Modern elections have become a parlor game dangerously and needlessly imperiling democracy in the bargain...
By Brad Friedman on 6/15/2009, 3:29pm PT  

At the risk of undermining the vigorous debate and discussion now ongoing in response to my Saturday morning article drawing a comparison between Iran's '09 election and Ohio's '04 election (and the ongoing speculation about the reported Iranian results going on just about everywhere else today), allow me to amplify a bit on the point I was hoping to get at in that piece, written as reports were just coming in about skepticism in the reported results.

Since The BRAD BLOG began reporting on issues of democracy and concerns about elections, most intensely beginning on or about the early morning hours of November 3rd, 2004 and continuing ever since, we've likely investigated, researched and/or written as much or more on virtually every aspect of the topic as any other media outlet in the world.

In the process of observing one election after another since that time, and the increasingly inevitable ensuing questions about, as well as disbelief and/or belief in the validity of each election's results, one thing has become crystal clear: without complete transparency and 100% citizen oversight of every aspect of any given election, most notably the tabulation of its ballots, certainty in any given officially-announced result has become nearly impossible.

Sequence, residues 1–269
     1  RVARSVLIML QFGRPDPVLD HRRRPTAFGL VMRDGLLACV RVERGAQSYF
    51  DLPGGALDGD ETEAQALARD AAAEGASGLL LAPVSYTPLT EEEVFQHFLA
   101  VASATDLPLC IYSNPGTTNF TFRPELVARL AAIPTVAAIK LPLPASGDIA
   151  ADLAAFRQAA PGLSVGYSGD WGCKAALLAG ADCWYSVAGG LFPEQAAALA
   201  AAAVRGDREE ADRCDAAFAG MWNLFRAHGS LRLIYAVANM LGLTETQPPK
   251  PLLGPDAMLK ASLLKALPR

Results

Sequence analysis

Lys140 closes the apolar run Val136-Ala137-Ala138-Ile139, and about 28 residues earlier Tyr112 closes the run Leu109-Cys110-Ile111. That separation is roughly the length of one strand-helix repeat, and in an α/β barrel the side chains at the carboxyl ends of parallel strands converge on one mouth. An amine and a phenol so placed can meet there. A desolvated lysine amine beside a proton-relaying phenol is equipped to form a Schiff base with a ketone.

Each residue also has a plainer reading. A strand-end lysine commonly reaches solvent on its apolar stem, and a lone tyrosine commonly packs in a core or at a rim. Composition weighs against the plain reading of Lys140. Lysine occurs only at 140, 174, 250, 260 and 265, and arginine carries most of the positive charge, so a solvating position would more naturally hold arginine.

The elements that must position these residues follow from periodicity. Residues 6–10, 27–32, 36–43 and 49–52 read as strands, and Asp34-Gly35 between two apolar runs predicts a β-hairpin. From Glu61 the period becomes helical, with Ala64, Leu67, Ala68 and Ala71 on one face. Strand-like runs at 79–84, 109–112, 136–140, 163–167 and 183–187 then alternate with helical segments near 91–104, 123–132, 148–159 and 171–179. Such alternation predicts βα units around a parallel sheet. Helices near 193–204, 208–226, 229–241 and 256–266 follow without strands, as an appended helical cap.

Without the transparency required for democracy to actually work, each "democratic" election, whether in this country, or in any other, has become more and more like Russian Roulette, but without the certainty...

In other words, the results of every election will either be accepted by the announced winners and/or losers, or they will blow up in the faces of those announced winners and/or losers. At least with Russian Roulette, after the trigger is pulled, the outcome is clear to everybody. Not so, unfortunately, with the way so-called democratic (small "d") elections are now routinely run, where results are generally only accepted when they match up with the public's perception of what those results should be. Usually, that judgment is based on a measure of perceptions gleaned from media coverage before, during and after, along with the perceivers political biases one way or another.

Enough with the unceasing uncertainty in and each and every election. It's unnecessary and ultimately exceedingly dangerous to the continuing well-being of democracy. (See Iran today; See what could have happened in our own streets at any time in 2000 or 2004 or even 2002, 2006 and 2008).

It is the processes of democracy which are broken, not democracy itself.

I can tell you why it is that George W. Bush "won" the election in 2004 (Bin Laden's Election Eve videotape; Soccer Moms who felt more secure with Republicans; Evangelicals who feared "liberalism"), I can also tell you why he didn't (unpopular war; voters suppressed by the tens of thousands; results rigged by the party in power). I can tell you why it is Ahmadinejad "won" over the weekend (polls showing fading support were over-hyped by U.S. media and supported by agents hoping to foment rebellion; underestimated support from rural voters who he showered with cash over the years), much as I can tell you why Mousavi was "clearly" the rightful victor (unprecedented turnout by an overwhelmingly youthful electorate; populace tired of hard-line exacerbation of tensions with the West; the "Obama Effect" following his speech in Cairo).